WP 22-07 – Larger firms (by sales or employment) have higher leverage. This pattern is explained using a model in which firms produce multiple varieties, acquire new varieties from their inventors, and borrow against the future cash flow of the firm with the option to default.
Supersedes Working Paper 20-29/R – The Firm Size-Leverage Relationship and Its Implications for Entry and Business Concentration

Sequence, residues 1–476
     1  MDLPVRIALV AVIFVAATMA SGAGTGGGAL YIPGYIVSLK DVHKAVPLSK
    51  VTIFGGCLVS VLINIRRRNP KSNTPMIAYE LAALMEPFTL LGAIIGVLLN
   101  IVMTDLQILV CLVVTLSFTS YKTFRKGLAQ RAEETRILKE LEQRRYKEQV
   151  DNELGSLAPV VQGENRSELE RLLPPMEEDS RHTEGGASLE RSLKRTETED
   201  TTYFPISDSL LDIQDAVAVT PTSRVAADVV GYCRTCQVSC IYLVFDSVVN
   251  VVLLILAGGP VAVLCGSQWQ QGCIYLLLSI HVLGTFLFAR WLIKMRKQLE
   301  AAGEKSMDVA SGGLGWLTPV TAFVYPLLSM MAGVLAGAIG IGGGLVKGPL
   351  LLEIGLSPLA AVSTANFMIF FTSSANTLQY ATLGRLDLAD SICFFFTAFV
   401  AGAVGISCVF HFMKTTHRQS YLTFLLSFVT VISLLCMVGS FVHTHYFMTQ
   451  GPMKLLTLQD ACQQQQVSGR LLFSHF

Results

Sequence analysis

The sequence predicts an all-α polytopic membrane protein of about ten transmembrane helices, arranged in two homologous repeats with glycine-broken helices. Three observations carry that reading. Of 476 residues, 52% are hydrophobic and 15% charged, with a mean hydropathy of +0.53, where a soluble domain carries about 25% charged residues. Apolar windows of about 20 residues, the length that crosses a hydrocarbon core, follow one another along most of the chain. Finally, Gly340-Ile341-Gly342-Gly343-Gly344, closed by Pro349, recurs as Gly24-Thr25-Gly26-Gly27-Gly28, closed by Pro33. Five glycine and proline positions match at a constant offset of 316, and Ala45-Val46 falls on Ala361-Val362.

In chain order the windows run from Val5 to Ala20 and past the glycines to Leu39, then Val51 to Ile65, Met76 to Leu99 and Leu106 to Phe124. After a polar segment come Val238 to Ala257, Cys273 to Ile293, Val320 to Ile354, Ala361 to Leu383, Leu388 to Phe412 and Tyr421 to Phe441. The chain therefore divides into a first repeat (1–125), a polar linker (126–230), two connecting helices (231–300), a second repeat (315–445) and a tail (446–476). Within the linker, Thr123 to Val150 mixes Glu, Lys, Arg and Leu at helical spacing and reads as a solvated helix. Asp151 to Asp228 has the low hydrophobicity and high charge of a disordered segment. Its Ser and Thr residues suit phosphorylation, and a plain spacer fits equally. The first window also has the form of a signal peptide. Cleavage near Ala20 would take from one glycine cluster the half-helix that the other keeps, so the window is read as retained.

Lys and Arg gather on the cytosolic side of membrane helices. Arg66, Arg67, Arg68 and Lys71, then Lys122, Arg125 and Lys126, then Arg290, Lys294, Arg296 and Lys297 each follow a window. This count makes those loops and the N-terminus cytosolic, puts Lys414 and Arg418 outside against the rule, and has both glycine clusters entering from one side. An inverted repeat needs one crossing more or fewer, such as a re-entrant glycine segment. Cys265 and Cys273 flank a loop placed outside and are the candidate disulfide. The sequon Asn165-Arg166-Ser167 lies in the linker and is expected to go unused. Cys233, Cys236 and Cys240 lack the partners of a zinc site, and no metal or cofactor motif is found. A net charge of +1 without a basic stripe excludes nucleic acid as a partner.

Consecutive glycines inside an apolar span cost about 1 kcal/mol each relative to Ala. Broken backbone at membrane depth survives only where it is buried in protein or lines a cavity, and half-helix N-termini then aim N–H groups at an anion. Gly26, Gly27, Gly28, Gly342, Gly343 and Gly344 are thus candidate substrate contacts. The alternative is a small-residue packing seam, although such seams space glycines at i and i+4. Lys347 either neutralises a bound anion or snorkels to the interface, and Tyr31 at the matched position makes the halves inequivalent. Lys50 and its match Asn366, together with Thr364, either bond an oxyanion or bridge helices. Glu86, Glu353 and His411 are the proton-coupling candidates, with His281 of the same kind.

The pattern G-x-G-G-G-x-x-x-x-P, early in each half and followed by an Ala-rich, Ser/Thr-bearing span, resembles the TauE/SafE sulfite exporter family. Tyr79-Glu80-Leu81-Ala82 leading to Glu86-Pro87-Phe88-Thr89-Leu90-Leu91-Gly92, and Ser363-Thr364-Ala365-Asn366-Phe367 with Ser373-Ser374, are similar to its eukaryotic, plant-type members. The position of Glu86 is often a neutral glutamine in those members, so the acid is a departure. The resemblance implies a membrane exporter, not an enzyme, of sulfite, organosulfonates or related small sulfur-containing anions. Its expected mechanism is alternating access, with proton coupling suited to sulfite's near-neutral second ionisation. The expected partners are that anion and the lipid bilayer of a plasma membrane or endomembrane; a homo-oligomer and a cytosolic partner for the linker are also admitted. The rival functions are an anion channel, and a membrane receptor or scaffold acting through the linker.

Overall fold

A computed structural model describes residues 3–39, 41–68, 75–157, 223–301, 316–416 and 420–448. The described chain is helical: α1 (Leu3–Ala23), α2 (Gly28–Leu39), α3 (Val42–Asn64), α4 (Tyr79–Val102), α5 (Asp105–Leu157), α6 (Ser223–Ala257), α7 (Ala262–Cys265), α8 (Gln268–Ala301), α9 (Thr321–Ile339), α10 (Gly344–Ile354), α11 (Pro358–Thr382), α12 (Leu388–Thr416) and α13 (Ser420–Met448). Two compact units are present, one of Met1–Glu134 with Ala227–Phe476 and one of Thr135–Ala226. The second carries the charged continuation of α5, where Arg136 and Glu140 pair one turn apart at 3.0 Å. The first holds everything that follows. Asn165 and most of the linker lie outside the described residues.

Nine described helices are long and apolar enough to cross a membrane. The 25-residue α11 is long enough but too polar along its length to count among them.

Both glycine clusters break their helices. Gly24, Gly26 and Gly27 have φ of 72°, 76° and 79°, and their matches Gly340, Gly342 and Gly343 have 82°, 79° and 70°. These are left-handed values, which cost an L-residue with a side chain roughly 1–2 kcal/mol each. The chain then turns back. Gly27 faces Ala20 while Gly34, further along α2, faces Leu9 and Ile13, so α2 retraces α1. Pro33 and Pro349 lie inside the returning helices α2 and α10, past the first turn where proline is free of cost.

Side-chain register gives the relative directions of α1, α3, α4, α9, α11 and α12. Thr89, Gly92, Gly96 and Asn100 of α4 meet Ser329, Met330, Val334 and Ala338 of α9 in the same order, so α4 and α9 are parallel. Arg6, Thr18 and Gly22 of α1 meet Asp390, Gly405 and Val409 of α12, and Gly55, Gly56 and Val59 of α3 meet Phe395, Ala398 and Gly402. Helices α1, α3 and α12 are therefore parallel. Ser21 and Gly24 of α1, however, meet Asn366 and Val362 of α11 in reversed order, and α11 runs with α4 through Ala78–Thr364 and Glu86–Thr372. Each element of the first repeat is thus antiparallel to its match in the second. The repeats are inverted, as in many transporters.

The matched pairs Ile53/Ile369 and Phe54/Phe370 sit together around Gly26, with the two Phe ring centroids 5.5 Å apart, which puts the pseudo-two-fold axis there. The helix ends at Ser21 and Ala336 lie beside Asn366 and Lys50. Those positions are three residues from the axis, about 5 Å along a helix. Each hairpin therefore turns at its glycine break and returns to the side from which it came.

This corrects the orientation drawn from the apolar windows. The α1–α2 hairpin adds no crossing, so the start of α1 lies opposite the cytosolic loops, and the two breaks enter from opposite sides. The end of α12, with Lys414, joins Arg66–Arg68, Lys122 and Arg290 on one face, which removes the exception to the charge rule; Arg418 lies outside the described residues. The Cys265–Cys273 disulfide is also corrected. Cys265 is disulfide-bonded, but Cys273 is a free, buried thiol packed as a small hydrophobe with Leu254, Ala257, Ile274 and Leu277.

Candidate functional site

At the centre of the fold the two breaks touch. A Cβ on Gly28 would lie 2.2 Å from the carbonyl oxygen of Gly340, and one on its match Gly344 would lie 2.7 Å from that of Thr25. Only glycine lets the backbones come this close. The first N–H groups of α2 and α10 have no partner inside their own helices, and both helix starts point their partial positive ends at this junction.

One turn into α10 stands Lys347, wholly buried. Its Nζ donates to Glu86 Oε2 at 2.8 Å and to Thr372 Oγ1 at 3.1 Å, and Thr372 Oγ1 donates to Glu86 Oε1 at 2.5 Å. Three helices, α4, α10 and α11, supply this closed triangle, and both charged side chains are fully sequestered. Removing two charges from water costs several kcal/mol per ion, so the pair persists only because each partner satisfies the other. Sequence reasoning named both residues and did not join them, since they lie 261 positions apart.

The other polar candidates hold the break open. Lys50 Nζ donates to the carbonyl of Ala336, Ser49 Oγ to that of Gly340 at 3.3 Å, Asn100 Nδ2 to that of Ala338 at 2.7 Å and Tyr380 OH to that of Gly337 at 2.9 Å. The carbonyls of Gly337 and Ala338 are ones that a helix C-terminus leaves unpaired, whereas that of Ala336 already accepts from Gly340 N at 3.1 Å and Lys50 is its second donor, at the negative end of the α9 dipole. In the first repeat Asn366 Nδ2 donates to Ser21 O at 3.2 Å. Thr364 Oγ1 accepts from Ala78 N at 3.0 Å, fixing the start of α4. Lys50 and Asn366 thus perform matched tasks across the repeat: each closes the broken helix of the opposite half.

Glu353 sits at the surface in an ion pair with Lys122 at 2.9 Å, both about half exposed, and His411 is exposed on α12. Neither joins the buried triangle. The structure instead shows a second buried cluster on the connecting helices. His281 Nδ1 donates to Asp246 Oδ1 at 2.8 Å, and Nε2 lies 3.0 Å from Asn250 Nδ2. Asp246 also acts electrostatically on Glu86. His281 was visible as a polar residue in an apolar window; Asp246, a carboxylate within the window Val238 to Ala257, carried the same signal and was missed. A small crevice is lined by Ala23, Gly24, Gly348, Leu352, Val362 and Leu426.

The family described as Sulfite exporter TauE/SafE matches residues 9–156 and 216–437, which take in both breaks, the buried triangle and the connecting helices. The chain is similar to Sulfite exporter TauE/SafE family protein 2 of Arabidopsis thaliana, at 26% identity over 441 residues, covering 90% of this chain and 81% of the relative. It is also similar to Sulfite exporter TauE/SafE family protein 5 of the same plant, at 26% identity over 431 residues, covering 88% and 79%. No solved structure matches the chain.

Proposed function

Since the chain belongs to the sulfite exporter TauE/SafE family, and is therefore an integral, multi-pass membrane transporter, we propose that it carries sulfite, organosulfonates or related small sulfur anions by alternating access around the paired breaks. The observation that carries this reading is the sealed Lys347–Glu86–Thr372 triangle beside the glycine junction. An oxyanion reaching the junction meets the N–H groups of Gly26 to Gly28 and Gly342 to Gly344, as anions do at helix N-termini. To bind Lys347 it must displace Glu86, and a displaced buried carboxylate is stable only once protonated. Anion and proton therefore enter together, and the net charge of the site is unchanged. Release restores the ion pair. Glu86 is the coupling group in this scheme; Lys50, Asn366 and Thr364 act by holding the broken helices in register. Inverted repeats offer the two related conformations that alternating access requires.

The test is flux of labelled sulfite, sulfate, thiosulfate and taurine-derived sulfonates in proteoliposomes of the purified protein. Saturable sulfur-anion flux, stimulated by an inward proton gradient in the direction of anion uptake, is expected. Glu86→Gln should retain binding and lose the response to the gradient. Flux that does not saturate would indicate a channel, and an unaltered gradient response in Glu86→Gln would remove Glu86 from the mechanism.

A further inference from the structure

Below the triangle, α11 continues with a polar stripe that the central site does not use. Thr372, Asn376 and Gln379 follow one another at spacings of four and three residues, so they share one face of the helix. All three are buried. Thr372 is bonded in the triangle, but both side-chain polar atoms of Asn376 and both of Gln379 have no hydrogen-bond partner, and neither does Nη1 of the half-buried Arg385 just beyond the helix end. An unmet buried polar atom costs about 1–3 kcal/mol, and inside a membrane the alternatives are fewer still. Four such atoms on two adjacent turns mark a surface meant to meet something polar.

A variety can die with a constant probability, implying that firms with more varieties (bigger firms) have a lower variance of sales growth and, in equilibrium, higher leverage. In this setup, a drop in the risk-free rate increases the value of an acquisition more for bigger firms because of their higher leverage: They can (and do) borrow a larger fraction of their future cash flow. The drop causes existing firms to buy more of the new varieties arriving into the economy, resulting in a lower startup rate and greater concentration of sales.